Mr. Maxwell brought this complaint pursuant to 42 U.S.C. § 1983 alleging a violation of his constitutional rights stemming from the December 2009 incident. In his summary judgment motion, Mr. Maxwell specifically confines his claims to excessive force against Officer Moser in violation of the Eighth[1] and Fourteenth Amendments, failure to train against the Mayor and Police Commissioner, and a Monell claim against the City of Philadelphia for failure to train. On February 9, 2012, I granted Mr. Maxwell’s motion for appointment of counsel and directed the Clerk of Court to appoint an attorney from the Civil Rights Panel to represent Mr. Maxwell. Unfortunately, that attempt was unsuccessful and Mr. Maxwell chose to continue to proceed pro se in this action. See Documents #18 and 19.

Discovery in this action terminated on February 20, 2014. Mr. Maxwell sent the defendants discovery requests including interrogatories and document requests to which the defendants responded with objections. Mr. Maxwell filed no motions to compel after receiving the defendants discovery responses and objections. Further, he did not take the deposition of any of the defendants, and he has not taken the deposition of any representative of the defendants.


A court shall grant summary judgment if the movant shows that there is no genuine dispute as to any material fact and the movant is entitled to judgment as a matter of law. Fed.R.Civ.P. 56(a). A dispute is “genuine” if the evidence is such that a reasonable jury could return a verdict for the non-moving party. Anderson v. Liberty Lobby, Inc., 477 U.S. 242, 248 (1986). A factual dispute is “material” if it might affect the outcome of the case under governing law. Id.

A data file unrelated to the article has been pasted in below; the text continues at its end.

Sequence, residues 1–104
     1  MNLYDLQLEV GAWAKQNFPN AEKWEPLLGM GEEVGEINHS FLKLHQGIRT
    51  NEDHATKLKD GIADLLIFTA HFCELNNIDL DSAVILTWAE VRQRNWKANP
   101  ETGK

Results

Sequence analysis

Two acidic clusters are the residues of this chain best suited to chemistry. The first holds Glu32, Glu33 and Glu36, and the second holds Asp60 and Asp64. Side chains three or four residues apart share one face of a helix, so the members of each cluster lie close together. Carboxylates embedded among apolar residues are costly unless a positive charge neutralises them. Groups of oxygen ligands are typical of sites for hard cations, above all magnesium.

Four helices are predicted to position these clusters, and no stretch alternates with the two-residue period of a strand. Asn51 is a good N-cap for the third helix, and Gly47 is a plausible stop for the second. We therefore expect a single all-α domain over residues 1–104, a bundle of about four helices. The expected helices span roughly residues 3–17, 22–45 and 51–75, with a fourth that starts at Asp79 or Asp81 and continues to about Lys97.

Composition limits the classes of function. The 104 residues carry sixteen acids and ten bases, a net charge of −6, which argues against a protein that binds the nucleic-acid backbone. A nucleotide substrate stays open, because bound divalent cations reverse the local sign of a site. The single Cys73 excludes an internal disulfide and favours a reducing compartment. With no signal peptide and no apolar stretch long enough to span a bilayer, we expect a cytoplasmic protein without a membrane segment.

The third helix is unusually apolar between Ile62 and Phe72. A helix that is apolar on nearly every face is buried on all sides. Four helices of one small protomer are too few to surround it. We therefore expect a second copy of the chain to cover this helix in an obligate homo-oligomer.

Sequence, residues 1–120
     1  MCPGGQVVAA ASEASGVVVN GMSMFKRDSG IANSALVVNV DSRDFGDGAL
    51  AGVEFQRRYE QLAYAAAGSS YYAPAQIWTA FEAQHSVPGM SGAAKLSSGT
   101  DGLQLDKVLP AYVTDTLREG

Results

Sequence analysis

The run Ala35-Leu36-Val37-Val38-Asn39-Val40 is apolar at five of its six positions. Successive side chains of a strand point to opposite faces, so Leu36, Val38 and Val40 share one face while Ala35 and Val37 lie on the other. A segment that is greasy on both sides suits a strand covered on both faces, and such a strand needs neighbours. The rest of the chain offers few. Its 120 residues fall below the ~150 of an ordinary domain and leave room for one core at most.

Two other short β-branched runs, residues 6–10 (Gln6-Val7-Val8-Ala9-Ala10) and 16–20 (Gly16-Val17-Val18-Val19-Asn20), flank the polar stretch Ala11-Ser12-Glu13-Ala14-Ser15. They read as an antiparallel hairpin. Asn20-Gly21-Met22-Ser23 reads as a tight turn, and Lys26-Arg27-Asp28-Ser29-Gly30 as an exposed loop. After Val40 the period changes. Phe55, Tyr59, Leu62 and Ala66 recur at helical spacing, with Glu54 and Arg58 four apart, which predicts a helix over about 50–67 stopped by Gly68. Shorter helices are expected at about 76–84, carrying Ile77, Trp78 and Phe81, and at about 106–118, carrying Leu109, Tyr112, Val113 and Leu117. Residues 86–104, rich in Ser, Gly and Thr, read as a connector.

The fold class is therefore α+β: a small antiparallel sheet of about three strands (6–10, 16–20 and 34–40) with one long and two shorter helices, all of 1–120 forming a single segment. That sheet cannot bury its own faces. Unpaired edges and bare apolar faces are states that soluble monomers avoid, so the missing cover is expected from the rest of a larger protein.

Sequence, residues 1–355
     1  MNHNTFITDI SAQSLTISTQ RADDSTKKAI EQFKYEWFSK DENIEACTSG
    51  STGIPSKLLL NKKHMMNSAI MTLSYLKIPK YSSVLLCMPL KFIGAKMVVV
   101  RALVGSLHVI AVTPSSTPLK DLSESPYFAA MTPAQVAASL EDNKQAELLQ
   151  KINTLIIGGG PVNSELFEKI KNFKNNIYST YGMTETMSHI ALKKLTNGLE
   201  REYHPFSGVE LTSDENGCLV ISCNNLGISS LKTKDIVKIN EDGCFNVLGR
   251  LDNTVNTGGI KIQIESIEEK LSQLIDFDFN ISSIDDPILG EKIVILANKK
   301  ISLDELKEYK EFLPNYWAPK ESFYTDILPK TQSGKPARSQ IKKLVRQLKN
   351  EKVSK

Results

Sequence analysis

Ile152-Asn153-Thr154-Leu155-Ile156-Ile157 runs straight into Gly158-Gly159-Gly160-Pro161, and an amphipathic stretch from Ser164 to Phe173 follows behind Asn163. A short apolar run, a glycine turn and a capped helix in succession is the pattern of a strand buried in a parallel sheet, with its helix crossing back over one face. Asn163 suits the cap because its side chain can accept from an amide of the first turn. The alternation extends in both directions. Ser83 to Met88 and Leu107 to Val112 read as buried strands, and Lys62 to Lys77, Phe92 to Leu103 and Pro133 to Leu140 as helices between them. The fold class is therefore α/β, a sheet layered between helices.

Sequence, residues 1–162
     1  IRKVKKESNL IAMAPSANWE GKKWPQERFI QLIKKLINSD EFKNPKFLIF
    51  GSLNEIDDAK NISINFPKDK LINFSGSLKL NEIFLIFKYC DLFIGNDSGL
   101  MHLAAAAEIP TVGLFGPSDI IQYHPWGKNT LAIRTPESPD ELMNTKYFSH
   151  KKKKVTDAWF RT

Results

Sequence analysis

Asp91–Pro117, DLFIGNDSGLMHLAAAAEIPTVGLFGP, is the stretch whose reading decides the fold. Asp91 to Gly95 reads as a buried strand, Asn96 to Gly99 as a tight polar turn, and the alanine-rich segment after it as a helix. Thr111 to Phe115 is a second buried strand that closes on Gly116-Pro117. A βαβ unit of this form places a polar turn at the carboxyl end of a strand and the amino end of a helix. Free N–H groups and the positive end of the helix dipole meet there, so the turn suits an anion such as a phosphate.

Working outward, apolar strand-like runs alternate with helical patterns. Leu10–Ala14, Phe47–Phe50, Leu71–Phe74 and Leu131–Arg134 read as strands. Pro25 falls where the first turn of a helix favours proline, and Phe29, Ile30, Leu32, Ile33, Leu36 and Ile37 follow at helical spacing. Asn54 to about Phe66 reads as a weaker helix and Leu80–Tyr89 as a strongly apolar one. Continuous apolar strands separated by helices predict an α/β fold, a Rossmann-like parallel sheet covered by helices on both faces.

A party seeking summary judgment always bears the initial responsibility for informing the court of the basis for its motion and identifying those portions of the record that it believes demonstrate the absence of a genuine issue of material fact. Celotex Corp. v. Catrett, 477 U.S. 317, 322 (1986). Where the non-moving party bears the burden of proof on a particular issue at trial, the movant’s initial Celotex burden can be met simply by “pointing out to the district court that there is an absence of evidence to support the non-moving party’s case.” Id. at 325. A party asserting that a fact is genuinely disputed must support the assertion by: citing to particular parts of materials in the record, including depositions, documents, electronically stored information, affidavits or declarations, stipulations, admissions, interrogatory answers or other materials. Fed.R.Civ.P. 56(c)(1)(A). That is, summary judgment is appropriate if the non-moving party fails to rebut by making a factual showing “sufficient to establish the existence of an element essential to that party’s case, and on which that party will bear the burden of proof at trial.” Celotex, 477 U.S. at 322.

Under Rule 56, the court must view the evidence presented on the motion in the light most favorable to the opposing party. Anderson, 477 U.S. at 255. The court must decide not whether the evidence unmistakably favors one side or the other but whether a fair-minded jury could return a verdict for the plaintiff on the evidence presented. Id. at 252. If the non-moving party has exceeded the mere scintilla of evidence threshold and has offered a genuine issue of material fact, then the court cannot credit the movant’s version of events against the opponent, even if the ...